En Español

Q. Who is Mr. Smarty Plants?

A: There are those who suspect Wildflower Center volunteers are the culpable and capable culprits. Yet, others think staff members play some, albeit small, role. You can torture us with your plant questions, but we will never reveal the Green Guru's secret identity.

Help us grow by giving to the Plant Database Fund or by becoming a member

Did you know you can access the Native Plant Information Network with your web-enabled smartphone?

Share

Ask Mr. Smarty Plants

Ask Mr. Smarty Plants is a free service provided by the staff and volunteers at the Lady Bird Johnson Wildflower Center.

Search Smarty Plants
    
 
See a list of all Smarty Plants questions

Please forgive us, but Mr. Smarty Plants has been overwhelmed by a flood of mail and must take a break for awhile to catch up. We hope to be accepting new questions again soon. Thank you!

Need help with plant identification, visit the plant identification page.

 
rate this answer
Not Yet Rated

Wednesday - August 30, 2006

From: Bronxville, NY
Region: Northeast
Topic: Shrubs
Title: Replacement of barberry hedge with native, bird-friendly plants
Answered by: Nan Hampton

QUESTION:

I am looking to replace an existing barberry hedge with a deciduous hedge, using a plant that is native to the northeast. I am in zone 6. The site is sun/part sun with decent drainage. The mature size of the hedge must be no more than 8 ft tall and no more than 6 ft wide. Importantly, I want to use a plant that will provide berries for the birds. I thought of using cornus racemosa 'Geauge.' Any thoughts on that? Any other plant suggestions? Thanks. Kim

ANSWER:

Gray dogwood (Cornus racemosa) is certainly an appropriate tree for providing fruit for birds and other wildlife, but it is likely to get taller than you want. It's maximum height is about 16 feet. Here are a few other shrubs that are nearer your size preference that offer food for birds and other wildlife:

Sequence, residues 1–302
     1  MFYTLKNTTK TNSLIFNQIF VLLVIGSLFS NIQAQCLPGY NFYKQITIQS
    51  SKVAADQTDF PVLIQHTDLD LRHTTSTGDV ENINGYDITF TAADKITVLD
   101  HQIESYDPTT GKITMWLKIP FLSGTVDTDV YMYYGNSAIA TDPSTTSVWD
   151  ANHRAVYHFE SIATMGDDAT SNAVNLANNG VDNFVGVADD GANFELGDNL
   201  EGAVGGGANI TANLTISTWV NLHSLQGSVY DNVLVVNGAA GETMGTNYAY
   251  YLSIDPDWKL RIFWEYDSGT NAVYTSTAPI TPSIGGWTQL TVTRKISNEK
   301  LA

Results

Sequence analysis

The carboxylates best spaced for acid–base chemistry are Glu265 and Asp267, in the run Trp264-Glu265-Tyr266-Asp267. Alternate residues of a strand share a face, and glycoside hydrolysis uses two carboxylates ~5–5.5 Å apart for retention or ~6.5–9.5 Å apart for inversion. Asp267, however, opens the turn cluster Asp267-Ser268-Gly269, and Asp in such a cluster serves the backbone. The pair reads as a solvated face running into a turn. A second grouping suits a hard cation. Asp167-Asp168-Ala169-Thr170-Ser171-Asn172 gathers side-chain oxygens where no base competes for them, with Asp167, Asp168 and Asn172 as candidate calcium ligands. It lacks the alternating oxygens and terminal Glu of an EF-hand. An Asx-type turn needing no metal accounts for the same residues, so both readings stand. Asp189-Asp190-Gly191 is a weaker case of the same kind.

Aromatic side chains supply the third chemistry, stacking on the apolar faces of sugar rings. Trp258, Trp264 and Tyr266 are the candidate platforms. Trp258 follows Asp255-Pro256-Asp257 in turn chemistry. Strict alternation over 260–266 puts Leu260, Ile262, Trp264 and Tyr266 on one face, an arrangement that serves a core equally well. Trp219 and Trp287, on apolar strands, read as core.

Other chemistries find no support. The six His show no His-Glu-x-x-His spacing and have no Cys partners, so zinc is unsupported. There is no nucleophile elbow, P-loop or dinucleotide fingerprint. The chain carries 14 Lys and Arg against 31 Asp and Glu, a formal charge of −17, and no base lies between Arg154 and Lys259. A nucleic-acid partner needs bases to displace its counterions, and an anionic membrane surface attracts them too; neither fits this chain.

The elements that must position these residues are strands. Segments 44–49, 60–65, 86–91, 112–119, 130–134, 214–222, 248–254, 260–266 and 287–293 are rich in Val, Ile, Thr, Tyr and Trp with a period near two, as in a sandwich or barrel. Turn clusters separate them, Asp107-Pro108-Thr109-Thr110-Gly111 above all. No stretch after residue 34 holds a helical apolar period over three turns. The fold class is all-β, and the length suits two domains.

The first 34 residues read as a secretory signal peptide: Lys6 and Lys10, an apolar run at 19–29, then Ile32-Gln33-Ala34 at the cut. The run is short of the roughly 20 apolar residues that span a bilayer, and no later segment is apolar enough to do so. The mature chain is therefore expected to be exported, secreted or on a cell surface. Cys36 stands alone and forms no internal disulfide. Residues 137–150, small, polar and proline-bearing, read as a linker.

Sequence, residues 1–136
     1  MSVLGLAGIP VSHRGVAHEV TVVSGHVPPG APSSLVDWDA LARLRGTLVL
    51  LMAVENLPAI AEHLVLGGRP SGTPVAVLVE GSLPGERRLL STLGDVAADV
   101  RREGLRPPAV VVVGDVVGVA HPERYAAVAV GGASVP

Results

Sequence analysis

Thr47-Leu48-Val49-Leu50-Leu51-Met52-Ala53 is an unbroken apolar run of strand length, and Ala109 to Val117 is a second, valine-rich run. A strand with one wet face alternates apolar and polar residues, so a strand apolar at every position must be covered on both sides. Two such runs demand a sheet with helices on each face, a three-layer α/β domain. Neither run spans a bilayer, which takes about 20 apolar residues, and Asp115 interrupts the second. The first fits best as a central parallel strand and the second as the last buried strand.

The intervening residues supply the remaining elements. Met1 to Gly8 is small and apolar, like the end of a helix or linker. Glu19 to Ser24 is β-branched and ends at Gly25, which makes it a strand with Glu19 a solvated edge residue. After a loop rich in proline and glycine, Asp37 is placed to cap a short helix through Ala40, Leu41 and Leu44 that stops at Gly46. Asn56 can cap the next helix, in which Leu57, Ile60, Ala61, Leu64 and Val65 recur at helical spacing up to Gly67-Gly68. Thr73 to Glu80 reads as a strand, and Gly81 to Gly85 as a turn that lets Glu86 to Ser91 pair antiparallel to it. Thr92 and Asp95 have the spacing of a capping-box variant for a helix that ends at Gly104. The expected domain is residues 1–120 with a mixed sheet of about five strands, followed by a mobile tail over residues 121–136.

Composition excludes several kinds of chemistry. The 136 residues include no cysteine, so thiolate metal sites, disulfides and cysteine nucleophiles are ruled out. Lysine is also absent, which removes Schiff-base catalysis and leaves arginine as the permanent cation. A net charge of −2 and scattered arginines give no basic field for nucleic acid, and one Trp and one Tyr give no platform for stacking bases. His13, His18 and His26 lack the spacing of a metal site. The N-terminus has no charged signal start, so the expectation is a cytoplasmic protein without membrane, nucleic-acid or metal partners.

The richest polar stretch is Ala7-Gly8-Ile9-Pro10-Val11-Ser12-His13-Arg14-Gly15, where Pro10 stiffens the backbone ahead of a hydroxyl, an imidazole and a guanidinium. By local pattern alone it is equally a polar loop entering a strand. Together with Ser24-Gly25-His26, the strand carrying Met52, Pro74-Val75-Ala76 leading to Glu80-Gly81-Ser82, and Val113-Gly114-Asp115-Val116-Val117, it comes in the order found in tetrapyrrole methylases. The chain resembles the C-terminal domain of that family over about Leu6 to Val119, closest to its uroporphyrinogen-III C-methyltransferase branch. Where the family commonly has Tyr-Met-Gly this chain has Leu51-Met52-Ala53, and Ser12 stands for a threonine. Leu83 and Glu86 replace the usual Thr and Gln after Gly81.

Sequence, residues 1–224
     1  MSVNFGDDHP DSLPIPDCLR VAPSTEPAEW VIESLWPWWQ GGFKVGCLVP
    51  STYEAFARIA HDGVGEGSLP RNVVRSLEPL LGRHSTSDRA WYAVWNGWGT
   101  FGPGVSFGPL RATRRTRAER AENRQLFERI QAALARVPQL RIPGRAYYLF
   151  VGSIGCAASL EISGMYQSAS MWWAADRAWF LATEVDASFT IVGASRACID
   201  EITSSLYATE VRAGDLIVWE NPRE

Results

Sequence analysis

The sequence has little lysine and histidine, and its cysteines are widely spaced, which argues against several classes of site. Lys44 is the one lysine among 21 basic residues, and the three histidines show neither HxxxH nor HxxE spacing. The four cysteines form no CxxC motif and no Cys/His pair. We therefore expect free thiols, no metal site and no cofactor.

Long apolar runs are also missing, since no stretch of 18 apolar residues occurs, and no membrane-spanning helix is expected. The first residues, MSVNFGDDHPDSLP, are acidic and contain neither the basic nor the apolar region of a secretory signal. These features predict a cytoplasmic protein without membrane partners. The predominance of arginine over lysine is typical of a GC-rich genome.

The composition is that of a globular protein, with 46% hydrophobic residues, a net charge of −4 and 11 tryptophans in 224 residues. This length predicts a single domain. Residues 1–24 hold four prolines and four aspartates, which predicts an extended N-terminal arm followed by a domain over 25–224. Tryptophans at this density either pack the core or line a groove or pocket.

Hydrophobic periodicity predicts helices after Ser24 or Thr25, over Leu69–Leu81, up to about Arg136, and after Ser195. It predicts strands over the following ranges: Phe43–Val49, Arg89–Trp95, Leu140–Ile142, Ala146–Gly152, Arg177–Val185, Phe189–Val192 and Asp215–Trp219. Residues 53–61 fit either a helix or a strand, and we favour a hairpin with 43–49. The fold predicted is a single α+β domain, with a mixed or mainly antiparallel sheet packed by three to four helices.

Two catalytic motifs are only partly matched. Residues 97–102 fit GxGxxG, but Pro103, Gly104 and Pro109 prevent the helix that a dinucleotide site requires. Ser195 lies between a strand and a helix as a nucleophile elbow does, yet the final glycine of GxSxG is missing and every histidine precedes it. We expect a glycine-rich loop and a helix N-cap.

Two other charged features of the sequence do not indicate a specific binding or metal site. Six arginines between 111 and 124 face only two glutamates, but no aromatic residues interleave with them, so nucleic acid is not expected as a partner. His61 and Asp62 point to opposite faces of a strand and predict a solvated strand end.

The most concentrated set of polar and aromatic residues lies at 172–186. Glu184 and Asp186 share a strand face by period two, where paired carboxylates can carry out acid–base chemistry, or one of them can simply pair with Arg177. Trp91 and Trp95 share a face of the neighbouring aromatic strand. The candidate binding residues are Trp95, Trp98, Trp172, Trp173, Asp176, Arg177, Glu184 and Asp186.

Northern bayberry or Candleberry (Morella pensylvanica)
Fragrant sumac (Rhus aromatica)
Elderberry or Black elder (Sambucus nigra ssp. canadensis)
Highbush blueberry ( Vaccinium corymbosum)
Maple-leaf viburnum (Viburnum acerifolium)
American hazelnut (Corylus americana)

All the above are deciduous, but here is a native evergreen shrub that has high wildlife value—Inkberry (Ilex glabra)

You can look at more possibilities by doing your own search in the Native Plants Database and choosing to "Narrow your search" under the Combination Search option. You can select "Shrub" under Habit and "New York" under Select Your State to see more choices.

 

More Shrubs Questions

Dog-proof shrubs in Woodmere NY
May 21, 2009 - My chocolate lab thinks that shrubs are the same as "fetch" sticks..she's ripped out my azalea, rhododendron, andromeda and a few others I'm not sure of the names. She's a great pup (almost 1 yr...
view the full question and answer

Low evergreen drought-resistant shrubs for area in partial shade
January 03, 2014 - I promised my mom to help her with some new plants for her house, so here goes. She lives near Waco on Blackland clay soil. The problem area is right in front of the house. It only receives a few hour...
view the full question and answer

Suggestions for Texas native plants for memorial
June 30, 2005 - A dear friend of ours has passed and we would like some ideas of a native Texas plant we could plant in memory of her. It will be grown in the hill region near Houston. Thank you.
view the full question and answer

Male and female possumhaws for berries from Georgetown TX
April 23, 2012 - Do I need to plant two ilex decidua (possumhaws), a male and female to have red berries on the tree in the winter?
view the full question and answer

Fragrant foundation plants for sunny, dry area in Illinois
August 26, 2009 - We need suggestions of what to plant on the south side of our house heave sun and rather dry soil. We just took out old dead bushes. Would prefer something that flowers and smells nice that would gr...
view the full question and answer

Support the Wildflower Center by Donating Online or Becoming a Member today.
E-NEWSLETTER | BECOME A MEMBER | DONATE NOW | MEDIA | JOBS | SITEMAP | STAFF INTRANET
© 2016 Lady Bird Johnson Wildflower Center